On the other hand, what you’re good at can make you the most passionate person in the world. If you don’t have any income prospects, you may have a lot of fun, but you’ll never really excel because the financial pressure will inevitably get the better of your enthusiasm.
Chapter 2: Level 5 Leadership
According to the study conducted by Jim Collins, leaders who are driven to transform their companies in a great way are those who combine a form of personal humility with professional ambition. They are the ones who put their egos aside to serve the greater good of the company. Jim Collins has observed that leaders with too much personal ambition usually prevent good companies from making that transition to excellence. On a day-to-day basis, it comes down to being able to take full responsibility when there is a problem, without blaming others or circumstances. Good leaders generally attribute their success to luck, while others give themselves credit only for success.
Leaders with too much personal ambition prevent companies from making the transition to excellence.
Good to great summary: 5 types of leadership
The author defines in his book 5 types of leadership. The 11 companies that created a lasting breakthrough were taken in hand at the time of the transition by level 5 leaders.
The level 5 leaders, in addition to being competent and having the qualities of the leaders of the 4 previous levels, combine great personal humility and unfailing professional determination. They place the interests of the company above all else and in particular their own interests.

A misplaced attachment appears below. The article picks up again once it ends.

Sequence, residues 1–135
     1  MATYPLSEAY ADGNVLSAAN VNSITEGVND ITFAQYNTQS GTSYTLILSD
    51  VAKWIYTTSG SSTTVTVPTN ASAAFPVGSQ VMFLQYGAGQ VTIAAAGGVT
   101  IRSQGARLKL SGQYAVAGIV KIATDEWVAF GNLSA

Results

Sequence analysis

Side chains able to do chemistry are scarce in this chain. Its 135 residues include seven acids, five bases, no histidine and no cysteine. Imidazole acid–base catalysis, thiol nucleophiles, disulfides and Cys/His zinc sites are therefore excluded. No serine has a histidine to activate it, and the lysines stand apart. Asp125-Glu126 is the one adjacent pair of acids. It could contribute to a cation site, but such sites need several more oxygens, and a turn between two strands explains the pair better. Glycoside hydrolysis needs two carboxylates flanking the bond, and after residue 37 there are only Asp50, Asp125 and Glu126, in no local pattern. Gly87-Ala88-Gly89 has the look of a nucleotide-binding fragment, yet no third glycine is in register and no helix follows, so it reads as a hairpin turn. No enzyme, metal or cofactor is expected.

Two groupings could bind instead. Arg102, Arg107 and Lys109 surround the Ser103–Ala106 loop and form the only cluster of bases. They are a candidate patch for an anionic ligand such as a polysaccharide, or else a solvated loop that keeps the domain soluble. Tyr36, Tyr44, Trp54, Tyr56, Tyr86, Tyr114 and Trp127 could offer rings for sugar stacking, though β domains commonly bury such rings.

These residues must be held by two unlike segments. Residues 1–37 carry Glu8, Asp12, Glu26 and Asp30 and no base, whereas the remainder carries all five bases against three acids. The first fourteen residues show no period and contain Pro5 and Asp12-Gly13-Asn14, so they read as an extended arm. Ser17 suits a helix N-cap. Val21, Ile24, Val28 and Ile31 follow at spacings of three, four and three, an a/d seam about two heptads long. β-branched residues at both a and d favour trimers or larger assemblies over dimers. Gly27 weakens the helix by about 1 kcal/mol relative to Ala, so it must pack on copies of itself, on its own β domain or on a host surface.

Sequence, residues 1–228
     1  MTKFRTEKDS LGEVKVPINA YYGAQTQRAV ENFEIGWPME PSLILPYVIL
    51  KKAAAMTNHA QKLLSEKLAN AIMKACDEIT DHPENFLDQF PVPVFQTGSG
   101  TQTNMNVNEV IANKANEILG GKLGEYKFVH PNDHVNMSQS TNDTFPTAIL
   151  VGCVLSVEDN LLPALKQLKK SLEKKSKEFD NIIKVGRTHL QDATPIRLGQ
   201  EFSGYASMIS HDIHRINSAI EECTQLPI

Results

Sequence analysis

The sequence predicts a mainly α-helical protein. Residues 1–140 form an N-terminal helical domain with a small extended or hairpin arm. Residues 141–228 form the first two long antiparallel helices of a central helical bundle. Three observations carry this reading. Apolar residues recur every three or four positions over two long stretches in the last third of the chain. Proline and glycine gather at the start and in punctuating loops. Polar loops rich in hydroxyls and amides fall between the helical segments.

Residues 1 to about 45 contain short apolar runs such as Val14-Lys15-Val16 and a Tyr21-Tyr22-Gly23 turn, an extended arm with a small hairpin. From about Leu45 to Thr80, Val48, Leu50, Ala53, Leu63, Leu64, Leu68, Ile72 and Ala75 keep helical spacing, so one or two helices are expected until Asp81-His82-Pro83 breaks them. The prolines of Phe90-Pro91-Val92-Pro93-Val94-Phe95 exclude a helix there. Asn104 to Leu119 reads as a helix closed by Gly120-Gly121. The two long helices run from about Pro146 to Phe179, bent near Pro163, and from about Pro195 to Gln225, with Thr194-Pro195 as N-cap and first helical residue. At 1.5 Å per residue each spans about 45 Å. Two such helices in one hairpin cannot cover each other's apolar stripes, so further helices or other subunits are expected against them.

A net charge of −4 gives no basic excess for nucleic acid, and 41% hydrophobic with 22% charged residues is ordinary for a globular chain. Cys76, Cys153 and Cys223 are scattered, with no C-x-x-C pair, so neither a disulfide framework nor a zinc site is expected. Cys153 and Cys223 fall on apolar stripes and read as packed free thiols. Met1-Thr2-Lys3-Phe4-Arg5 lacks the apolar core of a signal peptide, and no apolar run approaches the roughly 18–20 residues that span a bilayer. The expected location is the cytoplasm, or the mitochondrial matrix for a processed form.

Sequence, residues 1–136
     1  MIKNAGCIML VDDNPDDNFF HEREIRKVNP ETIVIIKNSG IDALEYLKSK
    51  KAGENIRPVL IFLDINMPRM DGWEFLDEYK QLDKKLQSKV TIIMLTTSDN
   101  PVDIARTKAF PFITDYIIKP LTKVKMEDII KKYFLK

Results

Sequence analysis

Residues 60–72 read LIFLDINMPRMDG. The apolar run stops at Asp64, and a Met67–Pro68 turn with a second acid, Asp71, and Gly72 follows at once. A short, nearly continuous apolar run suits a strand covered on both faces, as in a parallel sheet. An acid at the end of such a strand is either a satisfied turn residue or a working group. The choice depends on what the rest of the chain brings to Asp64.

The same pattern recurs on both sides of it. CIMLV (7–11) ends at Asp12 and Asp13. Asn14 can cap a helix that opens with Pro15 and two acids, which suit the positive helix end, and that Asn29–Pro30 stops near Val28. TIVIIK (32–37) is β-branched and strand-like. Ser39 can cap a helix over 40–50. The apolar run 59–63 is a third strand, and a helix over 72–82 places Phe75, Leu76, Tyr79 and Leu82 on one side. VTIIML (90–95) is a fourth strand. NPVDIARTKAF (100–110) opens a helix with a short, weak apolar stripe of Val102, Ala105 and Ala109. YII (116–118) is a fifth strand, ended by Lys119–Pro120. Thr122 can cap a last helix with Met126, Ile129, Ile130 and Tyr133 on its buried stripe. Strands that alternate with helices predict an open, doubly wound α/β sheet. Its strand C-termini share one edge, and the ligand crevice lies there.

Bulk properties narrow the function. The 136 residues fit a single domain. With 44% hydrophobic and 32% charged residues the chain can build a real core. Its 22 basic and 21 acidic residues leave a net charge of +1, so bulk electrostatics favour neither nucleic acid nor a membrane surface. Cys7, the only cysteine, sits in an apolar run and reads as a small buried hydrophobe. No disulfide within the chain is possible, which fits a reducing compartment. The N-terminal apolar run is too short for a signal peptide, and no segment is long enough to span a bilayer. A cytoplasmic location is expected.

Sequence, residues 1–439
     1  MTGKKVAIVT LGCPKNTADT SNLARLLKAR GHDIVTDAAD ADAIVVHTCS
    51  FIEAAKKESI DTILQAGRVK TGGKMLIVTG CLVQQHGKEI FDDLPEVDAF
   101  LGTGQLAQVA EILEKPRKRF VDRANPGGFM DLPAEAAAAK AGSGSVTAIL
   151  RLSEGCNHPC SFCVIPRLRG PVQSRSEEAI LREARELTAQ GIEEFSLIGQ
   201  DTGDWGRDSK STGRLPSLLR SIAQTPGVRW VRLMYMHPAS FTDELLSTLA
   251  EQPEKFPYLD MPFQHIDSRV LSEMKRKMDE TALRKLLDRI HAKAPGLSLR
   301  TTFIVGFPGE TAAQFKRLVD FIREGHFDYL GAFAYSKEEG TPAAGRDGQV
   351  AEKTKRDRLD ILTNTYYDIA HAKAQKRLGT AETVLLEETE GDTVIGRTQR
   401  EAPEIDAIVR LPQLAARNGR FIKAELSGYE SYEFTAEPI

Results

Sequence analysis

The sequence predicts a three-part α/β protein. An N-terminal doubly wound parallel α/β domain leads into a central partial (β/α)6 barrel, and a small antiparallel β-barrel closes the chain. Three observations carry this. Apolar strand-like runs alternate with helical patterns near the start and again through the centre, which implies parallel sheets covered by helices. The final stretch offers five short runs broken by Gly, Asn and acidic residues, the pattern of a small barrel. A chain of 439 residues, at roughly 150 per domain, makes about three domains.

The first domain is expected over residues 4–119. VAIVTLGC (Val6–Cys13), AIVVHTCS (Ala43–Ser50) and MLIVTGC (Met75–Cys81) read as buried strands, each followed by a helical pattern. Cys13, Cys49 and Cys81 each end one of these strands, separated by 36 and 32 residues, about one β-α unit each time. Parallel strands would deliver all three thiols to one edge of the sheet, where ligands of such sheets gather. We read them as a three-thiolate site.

As explained in the book, every good-to-great company had Level 5 leadership during the pivotal transition years. For Jim Collins, the leader of an excellent company is rather shy and modest. His self-effacing personality does not prevent him from being ambitious for his company, but rarely for his career or his own ego. He is also very voluntary, even demanding about the results to be achieved. If tenacity is one of his great qualities, it is always by accumulating the steps, with discipline.
“Level 5” refers to a five-level hierarchy of executive capabilities, with Level 5 at the top. Level 5 leaders embody a paradoxical mix of personal humility and professional will. They are ambitious, to be sure, but ambitious first and foremost for the company, not themselves.
Level 5 leaders set up their successors for even greater success in the next generation, whereas egocentric Level 4 leaders often set up their successors for failure.
HUMILITY + WILL = LEVEL 5
Chapter 3: First who…then what